Mark Taylor
[email protected]
The search for Gardner’s next city administrator is moving forward.
Mayor Dave Drovetta said he, the city’s human resource manager and a contracted recruiter are about to begin sifting through a stack of resumes and submitting a list of potential candidates to the city council.
Interviews are expected to get underway within the next few weeks and a new hire could be named by late summer.
“We’re looking forward to moving ahead on this,” Drovetta said. “We would like to get that role filled as quickly as possible.”
The council is looking to replace Stewart Fairburn who resigned earlier this year after 10 years of service to take a job in Oklahoma.
Assistant City Administrator Melissa Mundt has been serving as interim administrator.
Drovetta said Springstead Incorporated, the company hired by the city to recruit administrator candidates, has received 60 applications for the city’s top appointed position.
The job has a maximum salary of $110,000 plus benefits.
Drovetta said he, Springstead, and Human Resources Manager Mary Bush are meeting this week to review the applications and begin narrowing down the list of candidates.
“Then we will move into the process of identifying candidates for phone interviews and then narrow it down after that,” he said. “I would say within a few weeks we should be doing face-to-face interviews.”
The entire council will be involved in the interview process.
“I really do want all of the council members involved in this discussion,” Drovetta said.
Councilman Larry Fotovich said he was concerned about an e-mail he received from Drovetta asking individual council members whether they would support a $10,000 increase to the maximum salary for a particular candidate.
According to the e-mail, which Fotovich provided, a candidate who might be “the right fit” may be interested in the job but is currently compensated at a higher rate.
“It would appear that the mayor has more information than he wants to share,” Fotovich said. “For this reason I’ll be asking for the entire stack of resumes that were submitted to the recruiter. I knew this recruiter worked for Dave, not the citizens of Gardner.”
Councilman Chris Morrow said June 25 he had not been updated on the progress of the administrator search, nor the number of applications received.
But he said he hopes a new administrator will be named by the first week of September.
Morrow said he believes the successful candidate should have “not only the right experience, but a track record of proven results.”
“They should be steady, thoughtful, and principled, with solid management experience,” he said.  “They should have demonstrated excellence in budget management and innovative planning across a wide array of city departments.”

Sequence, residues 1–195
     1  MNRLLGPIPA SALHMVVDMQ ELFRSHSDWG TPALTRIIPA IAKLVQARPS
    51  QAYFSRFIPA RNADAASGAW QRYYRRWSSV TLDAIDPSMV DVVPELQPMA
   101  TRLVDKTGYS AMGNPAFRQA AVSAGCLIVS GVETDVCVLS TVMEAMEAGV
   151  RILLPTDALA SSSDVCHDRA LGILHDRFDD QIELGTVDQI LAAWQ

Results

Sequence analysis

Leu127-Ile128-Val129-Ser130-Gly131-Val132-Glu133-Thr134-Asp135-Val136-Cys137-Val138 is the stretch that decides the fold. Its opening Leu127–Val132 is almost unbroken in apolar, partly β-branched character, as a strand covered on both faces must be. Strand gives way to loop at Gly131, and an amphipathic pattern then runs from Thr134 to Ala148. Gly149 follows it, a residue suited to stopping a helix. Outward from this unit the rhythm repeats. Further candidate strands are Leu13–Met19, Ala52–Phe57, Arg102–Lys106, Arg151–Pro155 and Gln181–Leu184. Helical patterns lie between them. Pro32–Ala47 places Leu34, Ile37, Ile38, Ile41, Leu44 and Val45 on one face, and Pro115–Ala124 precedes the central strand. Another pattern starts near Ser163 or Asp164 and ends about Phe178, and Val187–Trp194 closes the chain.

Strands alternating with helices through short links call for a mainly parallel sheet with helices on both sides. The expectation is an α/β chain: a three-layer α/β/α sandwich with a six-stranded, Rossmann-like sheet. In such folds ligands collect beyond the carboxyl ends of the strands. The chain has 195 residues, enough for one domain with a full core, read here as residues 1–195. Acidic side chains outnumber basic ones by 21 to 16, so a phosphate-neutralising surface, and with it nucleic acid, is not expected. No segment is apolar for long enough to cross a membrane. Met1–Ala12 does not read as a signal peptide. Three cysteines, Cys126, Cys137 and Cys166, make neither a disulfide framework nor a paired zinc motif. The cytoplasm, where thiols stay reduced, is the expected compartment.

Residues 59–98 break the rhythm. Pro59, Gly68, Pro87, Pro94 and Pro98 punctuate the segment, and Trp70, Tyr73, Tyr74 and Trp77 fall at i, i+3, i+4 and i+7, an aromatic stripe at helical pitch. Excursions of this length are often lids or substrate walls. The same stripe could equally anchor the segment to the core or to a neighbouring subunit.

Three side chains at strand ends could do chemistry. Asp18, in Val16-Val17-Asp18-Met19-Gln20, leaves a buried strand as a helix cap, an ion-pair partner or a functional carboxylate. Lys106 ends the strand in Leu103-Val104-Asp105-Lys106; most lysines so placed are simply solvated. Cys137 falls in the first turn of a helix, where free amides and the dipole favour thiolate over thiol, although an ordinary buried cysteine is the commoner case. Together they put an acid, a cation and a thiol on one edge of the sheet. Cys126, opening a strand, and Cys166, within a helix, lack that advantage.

Morrow said he also wants an administrator who understands how to “proactively” attract and maintain sustainable residential, commercial and industrial development.
“Education is important,” he added, “but I don’t think we need to look exclusively at candidates with public administration degrees.”
Councilwoman Kristina Harrison said her ideal candidate would “have a balance of leadership experience in government and business.”
“I would like to someone who can bring a business world perspective to this position and look at running the city more like a corporation that is responsible for providing shareholders (residents) a return on their investments,” she said.
Harrison added that the new administrator should not be a micro-manager.
“I think that the employees that work for our city are experienced and know how to run their day-to-day operations,” she said. “…I want someone who can effectively manage at the macro level but can read key performance indicators and make a determination of when she or he should get involved in the daily operations.”
Drovetta said he believes the city’s next administrator should also be well-rounded.
“We are looking for an individual who is willing to be able to work with all the various groups within the community – residents, school district, business community, potential businesses and someone who can work well with council and be able to manage staff.  We are not looking for someone who is going to micro-manage, but someone who can direct staff in a way that moves us forward.”
The recruiting effort has been centered on the Midwest.
“We didn’t exclude anyone from (applying),” Drovetta said. “But we felt that based on our values and our experiences, we probably wanted someone from the Midwest region.”
Attempts to reach council members Brian Broxterman and Dennis Pugh for comment were unsuccessful at press time.